Math is usually pretty straightforward -- until you start dealing with corporate mergers and acquisitions.

Every acquiring company pitches the idea that one plus one will equal something more than two. In truth, most deals end up pretty well short of even producing that "two." With that heavy dose of skepticism in mind, I'm willing to be open-minded about DRSTechnology's (NYSE:DRS) newly announced acquisition of Engineered Support Systems (NASDAQ:EASI).

DRS will pay about $2 billion for Engineered Support's equity and debt. DRS is also offering $43 per share, of which $30.10 will be in cash and $12.90 will be in a portion of DRS stock. That represents a 29% premium to Engineered Support's closing share price yesterday, but not even a 1% premium to the highs seen earlier in 2005. Since I'm sure there are more than a few investors with that price burned into their brains, I wouldn't be too surprised to see some grumbling over the deal.

Be that as it may, the deal would appear to make some sense to DRS. Though the two businesses don't really overlap too much, the acquisition will double DRS's sales and make the combined entity one of the nation's 25 largest defense companies. Better still, according to DRS management figures, no single project would constitute more than 3% of revenue, and the 10 largest projects would be only about 20% of combined sales.

That's a meaningful point, since delays in the Deployable Power Generation and Distribution System project have bedeviled Engineered Support this year. In addition, size matters when making bids on projects. The added "oomph" of the two companies' combined bulk could secure business that might have otherwise slipped through their fingers.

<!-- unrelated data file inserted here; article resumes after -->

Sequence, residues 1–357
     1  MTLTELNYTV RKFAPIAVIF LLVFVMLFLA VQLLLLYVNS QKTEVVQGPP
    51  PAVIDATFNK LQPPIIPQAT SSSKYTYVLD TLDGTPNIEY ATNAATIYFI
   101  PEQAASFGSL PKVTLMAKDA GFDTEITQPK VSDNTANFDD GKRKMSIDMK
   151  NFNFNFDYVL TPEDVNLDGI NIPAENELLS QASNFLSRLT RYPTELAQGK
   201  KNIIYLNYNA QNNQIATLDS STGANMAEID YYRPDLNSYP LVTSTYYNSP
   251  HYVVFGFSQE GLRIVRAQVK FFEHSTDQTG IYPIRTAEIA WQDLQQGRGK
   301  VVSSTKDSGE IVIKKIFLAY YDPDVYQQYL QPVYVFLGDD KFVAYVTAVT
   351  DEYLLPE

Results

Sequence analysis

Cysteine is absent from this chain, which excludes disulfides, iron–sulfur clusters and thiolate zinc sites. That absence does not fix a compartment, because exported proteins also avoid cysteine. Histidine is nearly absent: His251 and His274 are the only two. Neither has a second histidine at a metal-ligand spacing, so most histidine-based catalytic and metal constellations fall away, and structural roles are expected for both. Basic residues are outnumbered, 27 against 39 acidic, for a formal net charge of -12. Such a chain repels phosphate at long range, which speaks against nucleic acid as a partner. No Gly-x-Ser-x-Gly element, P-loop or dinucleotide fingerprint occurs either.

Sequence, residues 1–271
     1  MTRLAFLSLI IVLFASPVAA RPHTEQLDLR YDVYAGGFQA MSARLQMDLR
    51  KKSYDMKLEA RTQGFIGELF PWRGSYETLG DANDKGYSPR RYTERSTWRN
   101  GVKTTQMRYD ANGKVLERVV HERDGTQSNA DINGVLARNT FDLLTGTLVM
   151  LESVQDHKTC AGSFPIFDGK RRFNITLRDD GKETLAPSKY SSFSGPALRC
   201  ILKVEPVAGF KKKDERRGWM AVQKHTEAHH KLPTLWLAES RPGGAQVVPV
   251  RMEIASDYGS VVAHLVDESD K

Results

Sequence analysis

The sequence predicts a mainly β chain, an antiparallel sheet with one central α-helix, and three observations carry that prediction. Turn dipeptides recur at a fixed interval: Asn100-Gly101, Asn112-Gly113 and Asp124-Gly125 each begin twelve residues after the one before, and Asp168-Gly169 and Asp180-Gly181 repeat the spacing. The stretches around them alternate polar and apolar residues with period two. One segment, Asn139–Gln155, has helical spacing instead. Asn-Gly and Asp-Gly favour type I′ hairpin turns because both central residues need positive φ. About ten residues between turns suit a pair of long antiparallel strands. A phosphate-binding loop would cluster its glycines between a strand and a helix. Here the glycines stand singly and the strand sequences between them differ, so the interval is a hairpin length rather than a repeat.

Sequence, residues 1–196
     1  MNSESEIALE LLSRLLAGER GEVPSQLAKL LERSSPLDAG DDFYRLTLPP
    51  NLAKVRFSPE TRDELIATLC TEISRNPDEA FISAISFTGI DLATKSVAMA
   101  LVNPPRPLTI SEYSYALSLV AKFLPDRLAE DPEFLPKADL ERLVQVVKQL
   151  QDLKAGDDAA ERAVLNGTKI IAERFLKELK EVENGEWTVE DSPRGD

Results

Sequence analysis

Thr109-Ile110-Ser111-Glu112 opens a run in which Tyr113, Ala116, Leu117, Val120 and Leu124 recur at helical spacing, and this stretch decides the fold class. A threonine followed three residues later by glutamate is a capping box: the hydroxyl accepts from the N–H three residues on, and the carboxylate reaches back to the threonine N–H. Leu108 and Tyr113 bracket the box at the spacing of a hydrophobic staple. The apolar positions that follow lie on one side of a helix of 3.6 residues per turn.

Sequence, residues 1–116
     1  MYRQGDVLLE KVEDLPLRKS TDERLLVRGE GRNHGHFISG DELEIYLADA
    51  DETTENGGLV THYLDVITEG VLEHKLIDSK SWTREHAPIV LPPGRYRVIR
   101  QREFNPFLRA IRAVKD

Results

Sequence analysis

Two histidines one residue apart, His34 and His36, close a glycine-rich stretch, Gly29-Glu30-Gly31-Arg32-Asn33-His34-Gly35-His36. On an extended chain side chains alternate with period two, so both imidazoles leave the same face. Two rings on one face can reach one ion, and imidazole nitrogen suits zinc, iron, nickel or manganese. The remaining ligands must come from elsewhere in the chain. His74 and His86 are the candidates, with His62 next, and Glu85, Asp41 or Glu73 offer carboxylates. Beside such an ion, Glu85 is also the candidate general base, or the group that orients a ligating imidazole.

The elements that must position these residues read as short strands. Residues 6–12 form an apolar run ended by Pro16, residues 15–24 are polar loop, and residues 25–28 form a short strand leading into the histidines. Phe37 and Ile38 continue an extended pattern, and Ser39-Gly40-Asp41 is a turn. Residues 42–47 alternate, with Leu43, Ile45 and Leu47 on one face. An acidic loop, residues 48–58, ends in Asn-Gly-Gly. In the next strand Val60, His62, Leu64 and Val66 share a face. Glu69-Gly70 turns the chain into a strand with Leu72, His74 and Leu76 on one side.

Defense is yet another one of those nastily cyclical businesses. Although it seems like a long time since peacetime budget cuts had even the titans of the industry worried, it'll almost certainly happen again. DRS Technology has pretty good margins, and its valuation seems basically in line with its peers, but investors might want to check out larger, more diversified companies such as General Dynamics (NYSE:GD), L3 Communications (NYSE:LLL), or United Technologies (NYSE:UTX) before buying in. What might be good for Engineered Support isn't necessarily good for your portfolio.

For more defensible takes:

Fool contributor Stephen Simpson has no financial interest in any stocks mentioned (that means he's neither long nor short the shares).